Boris Johnson has said he can see himself voting for Britain to leave the European Union, opening up the possibility of him heading the 'Out' campaign that would pit him directly against David Cameron and George Osborne.
The Mayor of London described reports that the Prime Minister had ditched plans to exclude Britain from a wide range of EU employment and social laws as "very disappointing".
He said it was very important that Mr Cameron won opt-outs for the UK's flexible labour markets from what he described as the EU's over-regulated employment laws.
Asked whether there was a set of circumstances in which he could see himself voting for the UK to quit the EU, Mr Johnson replied "Yes of course... of course, I think it is important."
He was speaking after the Financial Times reported that Downing street had scrapped demands for Britain to be fully excluded from the EU Social Chapter, which Sir John Major opted out of in 1993 but Tony Blair abandoned the opt-out after winning his landslide election in 1997.
It is not the latest concession the Prime Minister has been forced to make, however. This morning Downing Street said it had accepted the recommendation from the elections watchdog that the EU referendum question be amended in order to avoid bias.
The referendum, to be held before the end of 2017, will now ask voters whether they want to remain in the EU or leave it, replacing the 'Yes' or 'No' format previously proposed.
Asked on his monthly phone-in with LBC listeners what would be the deal breaker when it came to him deciding which side he would vote for, Mr Johnson said: "I think that we've got to hold out, we've got to hang very tough.
"But I think, I looked at the headlines this morning, about the possibility of Britain dropping its insistence on changes to employment law.
"And I thought that was very disappointing, I think we need to move forward on that. I think one of the reasons we've got low growth in Europe is not just the travails of the Eurozone, but also because we've got too much regulation, too much stuff coming from Brussels, too many laws that are promulgated by Brussels that make it hard for business.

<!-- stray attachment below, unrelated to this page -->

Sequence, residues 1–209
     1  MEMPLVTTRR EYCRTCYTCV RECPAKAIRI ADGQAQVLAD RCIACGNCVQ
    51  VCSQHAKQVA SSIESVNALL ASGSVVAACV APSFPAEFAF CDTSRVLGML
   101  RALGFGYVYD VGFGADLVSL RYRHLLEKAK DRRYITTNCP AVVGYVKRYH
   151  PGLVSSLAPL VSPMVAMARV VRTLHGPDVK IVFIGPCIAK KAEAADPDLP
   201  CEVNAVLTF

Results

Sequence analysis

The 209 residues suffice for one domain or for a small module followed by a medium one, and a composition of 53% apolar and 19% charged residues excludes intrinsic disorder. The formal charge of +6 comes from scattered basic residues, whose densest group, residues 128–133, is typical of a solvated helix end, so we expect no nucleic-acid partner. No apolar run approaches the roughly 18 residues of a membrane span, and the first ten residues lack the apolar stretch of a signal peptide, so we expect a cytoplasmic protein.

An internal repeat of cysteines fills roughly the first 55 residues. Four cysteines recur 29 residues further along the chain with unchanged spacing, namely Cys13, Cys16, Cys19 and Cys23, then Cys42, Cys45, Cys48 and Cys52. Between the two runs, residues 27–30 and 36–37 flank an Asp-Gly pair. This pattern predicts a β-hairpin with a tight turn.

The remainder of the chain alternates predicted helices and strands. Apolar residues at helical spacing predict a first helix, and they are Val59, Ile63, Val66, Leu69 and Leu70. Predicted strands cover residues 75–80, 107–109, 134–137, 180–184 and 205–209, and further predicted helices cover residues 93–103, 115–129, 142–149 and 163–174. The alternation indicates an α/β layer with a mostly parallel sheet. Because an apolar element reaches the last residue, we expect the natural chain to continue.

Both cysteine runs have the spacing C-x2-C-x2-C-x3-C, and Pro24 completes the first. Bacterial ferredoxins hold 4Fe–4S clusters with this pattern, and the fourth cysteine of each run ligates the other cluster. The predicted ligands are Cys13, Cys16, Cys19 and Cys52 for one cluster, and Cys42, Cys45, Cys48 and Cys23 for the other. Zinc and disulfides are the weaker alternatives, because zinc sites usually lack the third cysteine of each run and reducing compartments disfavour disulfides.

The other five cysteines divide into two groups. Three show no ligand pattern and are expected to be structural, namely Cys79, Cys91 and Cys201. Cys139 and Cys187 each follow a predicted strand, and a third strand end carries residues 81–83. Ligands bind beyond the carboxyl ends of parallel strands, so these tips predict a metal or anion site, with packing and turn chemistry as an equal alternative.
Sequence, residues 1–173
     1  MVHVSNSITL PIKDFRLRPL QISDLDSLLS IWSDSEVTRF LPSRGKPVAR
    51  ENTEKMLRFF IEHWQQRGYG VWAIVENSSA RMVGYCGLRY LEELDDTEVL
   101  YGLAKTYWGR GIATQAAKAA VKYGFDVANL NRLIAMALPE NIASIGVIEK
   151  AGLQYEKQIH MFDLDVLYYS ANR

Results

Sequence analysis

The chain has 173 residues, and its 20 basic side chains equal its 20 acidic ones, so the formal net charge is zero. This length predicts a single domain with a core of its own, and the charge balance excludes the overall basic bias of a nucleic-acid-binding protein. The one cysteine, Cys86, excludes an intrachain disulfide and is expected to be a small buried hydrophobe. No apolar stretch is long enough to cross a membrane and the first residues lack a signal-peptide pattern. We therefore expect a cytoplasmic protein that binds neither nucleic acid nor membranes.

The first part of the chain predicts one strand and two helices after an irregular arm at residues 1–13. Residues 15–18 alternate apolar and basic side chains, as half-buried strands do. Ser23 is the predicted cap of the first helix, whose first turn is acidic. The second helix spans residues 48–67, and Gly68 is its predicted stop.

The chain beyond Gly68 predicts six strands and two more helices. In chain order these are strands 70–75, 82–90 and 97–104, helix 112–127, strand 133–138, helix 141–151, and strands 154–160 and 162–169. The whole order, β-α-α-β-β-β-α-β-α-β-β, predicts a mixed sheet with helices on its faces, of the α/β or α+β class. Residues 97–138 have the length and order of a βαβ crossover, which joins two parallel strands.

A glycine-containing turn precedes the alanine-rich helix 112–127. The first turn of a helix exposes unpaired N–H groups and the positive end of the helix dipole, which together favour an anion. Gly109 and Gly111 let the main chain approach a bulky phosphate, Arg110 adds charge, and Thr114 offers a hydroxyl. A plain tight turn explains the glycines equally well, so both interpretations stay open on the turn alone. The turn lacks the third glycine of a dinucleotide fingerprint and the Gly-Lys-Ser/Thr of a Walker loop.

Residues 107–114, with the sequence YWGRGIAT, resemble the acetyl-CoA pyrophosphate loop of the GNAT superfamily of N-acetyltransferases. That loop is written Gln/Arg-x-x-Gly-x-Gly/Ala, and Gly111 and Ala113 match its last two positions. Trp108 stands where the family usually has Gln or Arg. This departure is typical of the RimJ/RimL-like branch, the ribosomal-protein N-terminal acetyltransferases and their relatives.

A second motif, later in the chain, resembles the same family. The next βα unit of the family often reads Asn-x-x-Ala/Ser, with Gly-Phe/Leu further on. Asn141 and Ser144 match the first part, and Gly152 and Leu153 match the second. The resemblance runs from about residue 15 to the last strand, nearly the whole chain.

"I think we need to weigh in on all that stuff, all that social chapter stuff. And, you know, I've got every confidence that the Prime Minister will do that."
Eurosceptic Tory MPs
Eurosceptic Tory MPs
1/7 Owen Paterson
Formerly a cabinet minister, Owen Paterson is now free to make his opinion known on the backbenchers. On the subject of Europe, he does so regularly – claiming recently that the EU referendum was “rigged” in favour of staying in
2/7 John Redwood
A longstanding eurosceptic, Mr Redwood warned last year that businesses that spoke out in favour of EU membership would be punished at the check-outs by anti-EU
3/7 Bill Cash
Awkward squad rebel Bill Cash said last year that he thought the EU had become an undemocratic, German-dominated project. “An increasingly assertive German Europe is at odds with British national interests,” he wrote in the Daily Telegraph
4/7 Philip Davies
From the Conservative party’s hard right wing, Philip Davies has been a longstanding critic of the EU. He founded the Better off Out campaign and is so eurosceptic that Ukip decided not to stand a candidate against him in 2010 because they agreed with him
5/7 Nadine Dorries
Outspoken Tory MP Nadine Dorries has previously advocated an alliance with Ukip. At the height of the Greek crisis in 2013 she said that the EU was “dying on its feet”
6/7 Liam Fox
The former defence secretary is a central figure on the right wing of the Conservative party. He’s long put pressure on David Cameron over EU negotiations
7/7 Zac Goldsmith
A socially liberal eurosceptic, Goldsmith was one of the founding members of the People’s Pledge campaign to get MPs to sign up for an EU referendum. His father ran the Referendum Party, a precursor to Ukip